has 'foo' => (is => 'rw', default => []);

is actually illegal in Moose. Instead, what you really want is to do this:

  has 'foo' => (is => 'rw', default => sub { [] });

This assures that each instance of this class will get it's own ARRAY ref in the foo slot.

One other feature of the sub ref version of the default option is that when the subroutine is executed (to get back the expected default value), we also pass in the instance where the slot will be stored. This added feature can come in quite handy at times, as is illustrated above, with this code:

  default => sub { BinaryTree->new(parent => $_[0]) },

The default value being generated is a new BinaryTree instance for the left (or right) slot. Here we set up the parental relationship by passing the current instance to the constructor.

Now, before we go on to the lazy option, I want you to think for a moment. When an instance of this class is created, and the slots are being initialized, the "normal" behavior would be for the left and right slots to be populated with a new instance of BinaryTree. In creating that instance of the left or right slots, we would need to create new instances to populate the left and right slots of those instances. This would continue in an infinitely recursive spiral of death until you had exhausted all available memory on your machine.

This is, of course, not good :)

Which brings us to the lazy attribute option. The lazy option does just what it says. It lazily initializes the slot within the instance. This means that it waits till the absolute last possible moment to populate the slot. This means that if you, the user, write to the slot, everything happens as normal and what you pass in is stored. However, if you read the slot, then at that exact moment (and no sooner), the slot will be populated with the value of the default option.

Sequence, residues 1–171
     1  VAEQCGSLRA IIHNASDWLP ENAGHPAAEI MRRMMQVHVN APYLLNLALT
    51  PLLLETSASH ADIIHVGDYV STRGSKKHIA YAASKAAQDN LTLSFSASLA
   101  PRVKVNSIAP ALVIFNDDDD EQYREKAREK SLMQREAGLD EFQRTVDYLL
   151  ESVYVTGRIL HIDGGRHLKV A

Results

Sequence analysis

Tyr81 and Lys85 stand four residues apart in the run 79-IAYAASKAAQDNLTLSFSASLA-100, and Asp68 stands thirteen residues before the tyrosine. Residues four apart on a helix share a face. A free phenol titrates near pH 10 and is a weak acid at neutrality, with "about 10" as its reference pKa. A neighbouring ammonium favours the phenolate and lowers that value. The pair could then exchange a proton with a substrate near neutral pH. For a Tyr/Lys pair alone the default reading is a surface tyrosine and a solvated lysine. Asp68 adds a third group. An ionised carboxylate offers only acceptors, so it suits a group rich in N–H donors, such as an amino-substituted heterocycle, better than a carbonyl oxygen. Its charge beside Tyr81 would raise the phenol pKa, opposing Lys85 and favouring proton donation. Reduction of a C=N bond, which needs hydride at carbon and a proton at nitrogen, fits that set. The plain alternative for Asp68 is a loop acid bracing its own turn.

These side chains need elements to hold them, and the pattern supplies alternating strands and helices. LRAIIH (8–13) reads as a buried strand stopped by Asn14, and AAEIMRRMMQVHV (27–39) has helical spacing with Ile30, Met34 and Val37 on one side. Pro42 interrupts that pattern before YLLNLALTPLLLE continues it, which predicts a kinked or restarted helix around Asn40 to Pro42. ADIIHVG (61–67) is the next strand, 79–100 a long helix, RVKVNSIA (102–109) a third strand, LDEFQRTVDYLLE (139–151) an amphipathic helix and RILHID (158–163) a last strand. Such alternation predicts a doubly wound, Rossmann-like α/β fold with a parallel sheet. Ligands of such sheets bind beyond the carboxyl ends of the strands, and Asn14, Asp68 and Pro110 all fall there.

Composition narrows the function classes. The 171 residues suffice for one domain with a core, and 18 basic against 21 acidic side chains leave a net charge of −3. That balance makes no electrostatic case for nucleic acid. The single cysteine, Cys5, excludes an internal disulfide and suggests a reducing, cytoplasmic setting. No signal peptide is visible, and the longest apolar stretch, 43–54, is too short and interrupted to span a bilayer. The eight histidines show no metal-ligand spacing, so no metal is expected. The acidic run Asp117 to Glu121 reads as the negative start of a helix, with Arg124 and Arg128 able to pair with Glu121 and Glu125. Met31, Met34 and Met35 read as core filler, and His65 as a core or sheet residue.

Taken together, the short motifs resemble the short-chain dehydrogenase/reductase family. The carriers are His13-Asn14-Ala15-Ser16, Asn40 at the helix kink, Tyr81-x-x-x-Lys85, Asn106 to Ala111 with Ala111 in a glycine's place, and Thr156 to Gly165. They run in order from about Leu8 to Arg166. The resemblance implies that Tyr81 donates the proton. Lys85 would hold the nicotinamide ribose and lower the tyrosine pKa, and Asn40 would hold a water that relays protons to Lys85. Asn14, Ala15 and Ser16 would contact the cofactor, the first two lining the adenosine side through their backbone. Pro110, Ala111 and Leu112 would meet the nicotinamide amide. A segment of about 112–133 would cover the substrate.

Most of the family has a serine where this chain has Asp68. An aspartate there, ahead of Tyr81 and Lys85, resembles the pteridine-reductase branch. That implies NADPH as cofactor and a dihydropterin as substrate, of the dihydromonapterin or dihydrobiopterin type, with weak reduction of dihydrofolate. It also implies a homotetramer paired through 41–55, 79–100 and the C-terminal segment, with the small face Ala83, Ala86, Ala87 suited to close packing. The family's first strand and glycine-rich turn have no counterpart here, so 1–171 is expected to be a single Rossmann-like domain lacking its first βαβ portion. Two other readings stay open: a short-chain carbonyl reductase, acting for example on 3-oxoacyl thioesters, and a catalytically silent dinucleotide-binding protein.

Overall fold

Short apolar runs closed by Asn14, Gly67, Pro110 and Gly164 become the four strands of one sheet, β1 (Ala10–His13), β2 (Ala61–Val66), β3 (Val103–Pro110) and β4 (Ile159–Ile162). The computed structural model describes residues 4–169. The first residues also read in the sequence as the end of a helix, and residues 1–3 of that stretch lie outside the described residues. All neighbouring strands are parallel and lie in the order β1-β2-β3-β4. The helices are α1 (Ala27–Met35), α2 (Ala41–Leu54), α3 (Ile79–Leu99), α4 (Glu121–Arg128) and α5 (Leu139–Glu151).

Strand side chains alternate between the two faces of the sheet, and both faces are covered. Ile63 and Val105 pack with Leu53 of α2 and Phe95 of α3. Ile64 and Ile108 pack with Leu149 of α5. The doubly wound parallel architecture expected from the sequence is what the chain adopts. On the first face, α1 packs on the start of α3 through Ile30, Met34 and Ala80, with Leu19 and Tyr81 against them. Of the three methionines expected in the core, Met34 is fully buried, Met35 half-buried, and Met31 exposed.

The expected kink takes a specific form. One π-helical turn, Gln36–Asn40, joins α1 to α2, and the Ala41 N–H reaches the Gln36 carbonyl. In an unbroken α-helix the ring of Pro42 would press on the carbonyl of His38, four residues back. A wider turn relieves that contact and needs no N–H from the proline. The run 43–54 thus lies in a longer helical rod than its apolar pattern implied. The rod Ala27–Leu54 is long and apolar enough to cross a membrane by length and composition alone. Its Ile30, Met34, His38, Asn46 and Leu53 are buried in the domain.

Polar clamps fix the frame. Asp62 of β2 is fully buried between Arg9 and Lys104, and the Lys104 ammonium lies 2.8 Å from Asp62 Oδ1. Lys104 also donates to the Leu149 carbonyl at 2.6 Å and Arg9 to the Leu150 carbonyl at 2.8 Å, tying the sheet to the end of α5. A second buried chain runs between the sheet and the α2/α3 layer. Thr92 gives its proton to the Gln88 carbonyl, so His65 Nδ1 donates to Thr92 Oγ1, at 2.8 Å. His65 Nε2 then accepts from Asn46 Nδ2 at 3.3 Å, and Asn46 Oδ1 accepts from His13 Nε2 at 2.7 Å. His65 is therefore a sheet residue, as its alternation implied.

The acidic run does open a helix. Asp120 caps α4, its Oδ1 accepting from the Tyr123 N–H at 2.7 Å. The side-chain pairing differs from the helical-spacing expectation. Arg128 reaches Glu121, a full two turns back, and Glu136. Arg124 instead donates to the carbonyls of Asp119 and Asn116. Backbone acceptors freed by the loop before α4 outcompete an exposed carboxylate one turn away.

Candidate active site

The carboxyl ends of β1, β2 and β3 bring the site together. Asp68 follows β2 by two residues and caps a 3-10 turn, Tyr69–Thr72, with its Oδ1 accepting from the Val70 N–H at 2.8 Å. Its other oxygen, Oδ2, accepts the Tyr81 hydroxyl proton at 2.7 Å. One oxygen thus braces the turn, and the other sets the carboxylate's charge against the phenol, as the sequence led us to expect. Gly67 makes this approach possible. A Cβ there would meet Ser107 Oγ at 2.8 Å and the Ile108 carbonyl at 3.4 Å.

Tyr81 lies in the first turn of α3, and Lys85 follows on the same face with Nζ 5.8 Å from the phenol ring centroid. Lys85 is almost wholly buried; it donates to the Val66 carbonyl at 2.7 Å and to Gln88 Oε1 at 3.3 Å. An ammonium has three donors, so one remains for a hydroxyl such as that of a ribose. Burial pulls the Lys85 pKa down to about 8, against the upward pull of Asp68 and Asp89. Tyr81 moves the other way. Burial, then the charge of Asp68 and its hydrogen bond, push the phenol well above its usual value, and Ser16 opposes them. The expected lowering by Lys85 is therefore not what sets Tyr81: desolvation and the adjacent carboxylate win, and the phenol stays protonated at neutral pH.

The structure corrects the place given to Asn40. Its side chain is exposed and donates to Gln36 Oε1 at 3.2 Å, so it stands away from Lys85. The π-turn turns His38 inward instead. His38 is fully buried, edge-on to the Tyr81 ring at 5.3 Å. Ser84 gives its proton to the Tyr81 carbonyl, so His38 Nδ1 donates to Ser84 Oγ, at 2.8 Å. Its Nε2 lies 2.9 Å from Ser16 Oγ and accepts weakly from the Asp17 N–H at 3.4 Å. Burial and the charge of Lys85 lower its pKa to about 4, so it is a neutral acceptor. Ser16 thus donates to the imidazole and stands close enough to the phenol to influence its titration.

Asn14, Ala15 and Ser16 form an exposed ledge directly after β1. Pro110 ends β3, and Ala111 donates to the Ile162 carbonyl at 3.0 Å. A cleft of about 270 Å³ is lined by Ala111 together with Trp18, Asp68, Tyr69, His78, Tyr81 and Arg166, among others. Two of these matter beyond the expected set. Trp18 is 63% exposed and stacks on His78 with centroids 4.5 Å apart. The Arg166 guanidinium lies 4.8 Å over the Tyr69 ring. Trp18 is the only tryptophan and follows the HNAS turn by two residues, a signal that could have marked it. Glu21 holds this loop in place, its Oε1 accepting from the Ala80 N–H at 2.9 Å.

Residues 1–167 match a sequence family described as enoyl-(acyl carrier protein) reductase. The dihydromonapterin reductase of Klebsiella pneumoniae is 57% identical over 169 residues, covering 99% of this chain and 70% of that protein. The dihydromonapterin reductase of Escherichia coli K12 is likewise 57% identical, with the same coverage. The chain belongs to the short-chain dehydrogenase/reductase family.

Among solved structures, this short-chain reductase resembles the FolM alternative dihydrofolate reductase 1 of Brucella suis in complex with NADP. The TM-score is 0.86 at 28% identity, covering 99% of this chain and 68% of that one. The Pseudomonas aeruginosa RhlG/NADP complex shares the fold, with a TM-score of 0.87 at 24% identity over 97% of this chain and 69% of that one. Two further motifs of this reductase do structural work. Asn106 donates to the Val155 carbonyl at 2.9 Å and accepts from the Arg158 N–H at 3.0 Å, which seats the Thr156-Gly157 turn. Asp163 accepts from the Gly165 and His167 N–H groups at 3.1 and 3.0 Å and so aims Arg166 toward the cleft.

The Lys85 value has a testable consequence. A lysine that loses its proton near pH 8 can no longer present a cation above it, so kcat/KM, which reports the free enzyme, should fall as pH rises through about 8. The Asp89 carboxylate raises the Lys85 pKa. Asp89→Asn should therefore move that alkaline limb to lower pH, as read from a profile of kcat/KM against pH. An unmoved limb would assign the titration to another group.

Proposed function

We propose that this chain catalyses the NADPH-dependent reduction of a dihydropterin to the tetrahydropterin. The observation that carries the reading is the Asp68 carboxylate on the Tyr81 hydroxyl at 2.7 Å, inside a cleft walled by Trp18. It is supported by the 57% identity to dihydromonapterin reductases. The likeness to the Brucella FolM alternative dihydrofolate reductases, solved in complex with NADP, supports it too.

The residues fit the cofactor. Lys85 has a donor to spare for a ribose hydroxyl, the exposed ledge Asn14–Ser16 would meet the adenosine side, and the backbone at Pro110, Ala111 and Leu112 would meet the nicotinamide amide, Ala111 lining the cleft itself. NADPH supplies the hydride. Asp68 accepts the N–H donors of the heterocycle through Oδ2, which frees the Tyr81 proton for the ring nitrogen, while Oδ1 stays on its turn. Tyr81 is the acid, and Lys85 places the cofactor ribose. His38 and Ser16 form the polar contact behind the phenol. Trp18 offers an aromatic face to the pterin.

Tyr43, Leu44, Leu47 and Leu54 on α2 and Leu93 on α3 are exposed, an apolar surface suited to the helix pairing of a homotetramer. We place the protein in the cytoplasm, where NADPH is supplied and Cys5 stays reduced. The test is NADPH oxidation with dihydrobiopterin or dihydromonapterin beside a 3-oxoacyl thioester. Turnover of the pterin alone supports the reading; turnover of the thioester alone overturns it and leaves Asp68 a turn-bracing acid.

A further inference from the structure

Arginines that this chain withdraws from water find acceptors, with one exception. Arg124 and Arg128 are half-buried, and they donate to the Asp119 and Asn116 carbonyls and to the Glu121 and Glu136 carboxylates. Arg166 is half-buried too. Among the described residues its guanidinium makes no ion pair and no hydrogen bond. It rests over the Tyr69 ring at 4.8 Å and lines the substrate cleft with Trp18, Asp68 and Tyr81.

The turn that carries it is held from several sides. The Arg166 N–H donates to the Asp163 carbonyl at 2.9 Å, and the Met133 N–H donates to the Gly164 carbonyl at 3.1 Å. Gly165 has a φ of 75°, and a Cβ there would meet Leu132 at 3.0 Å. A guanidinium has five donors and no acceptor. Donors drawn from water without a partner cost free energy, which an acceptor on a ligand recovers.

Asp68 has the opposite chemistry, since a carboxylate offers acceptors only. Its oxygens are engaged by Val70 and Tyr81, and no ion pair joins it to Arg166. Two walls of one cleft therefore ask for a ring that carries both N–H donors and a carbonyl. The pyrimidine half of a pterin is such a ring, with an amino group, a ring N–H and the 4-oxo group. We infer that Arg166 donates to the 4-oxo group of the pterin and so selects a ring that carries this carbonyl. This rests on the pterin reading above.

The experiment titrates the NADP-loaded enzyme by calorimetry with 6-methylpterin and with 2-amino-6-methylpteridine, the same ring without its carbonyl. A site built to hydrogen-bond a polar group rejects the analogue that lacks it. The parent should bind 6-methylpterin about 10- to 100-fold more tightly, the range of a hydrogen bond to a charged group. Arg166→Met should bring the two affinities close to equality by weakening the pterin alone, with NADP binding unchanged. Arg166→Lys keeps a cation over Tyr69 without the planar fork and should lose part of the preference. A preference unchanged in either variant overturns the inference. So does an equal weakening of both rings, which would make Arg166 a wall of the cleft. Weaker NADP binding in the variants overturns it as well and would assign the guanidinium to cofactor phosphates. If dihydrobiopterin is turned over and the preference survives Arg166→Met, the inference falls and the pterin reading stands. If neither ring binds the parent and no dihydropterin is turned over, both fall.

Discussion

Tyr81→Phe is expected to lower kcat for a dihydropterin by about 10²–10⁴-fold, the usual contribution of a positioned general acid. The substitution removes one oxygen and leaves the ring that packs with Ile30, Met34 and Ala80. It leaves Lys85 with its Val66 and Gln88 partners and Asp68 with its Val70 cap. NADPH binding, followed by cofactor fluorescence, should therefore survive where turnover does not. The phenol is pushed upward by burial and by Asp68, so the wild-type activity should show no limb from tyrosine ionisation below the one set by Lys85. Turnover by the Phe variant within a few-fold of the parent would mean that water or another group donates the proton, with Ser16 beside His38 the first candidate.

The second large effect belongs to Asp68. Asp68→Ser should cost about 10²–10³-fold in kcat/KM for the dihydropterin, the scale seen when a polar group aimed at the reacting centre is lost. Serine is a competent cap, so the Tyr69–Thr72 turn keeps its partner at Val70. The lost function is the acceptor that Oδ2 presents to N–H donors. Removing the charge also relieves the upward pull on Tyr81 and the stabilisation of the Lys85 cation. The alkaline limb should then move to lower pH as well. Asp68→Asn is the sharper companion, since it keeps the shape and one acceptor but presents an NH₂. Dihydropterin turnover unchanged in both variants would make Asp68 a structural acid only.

This option is what allows the BinaryTree class to instantiate objects without fear of the infinitely recursive spiral of death mentioned earlier.

So, we have described a quite complex set of behaviors here, and not one method had to be written. But wait, we can't get away that easily. The autogenerated right and left accessors are not completely correct. They will not install the parental relationships that we need. We could write our own accessors, but that would require us to implement all those features we got automatically (the type constraint, the lazy initialization, etc). So instead we use the method modifiers again.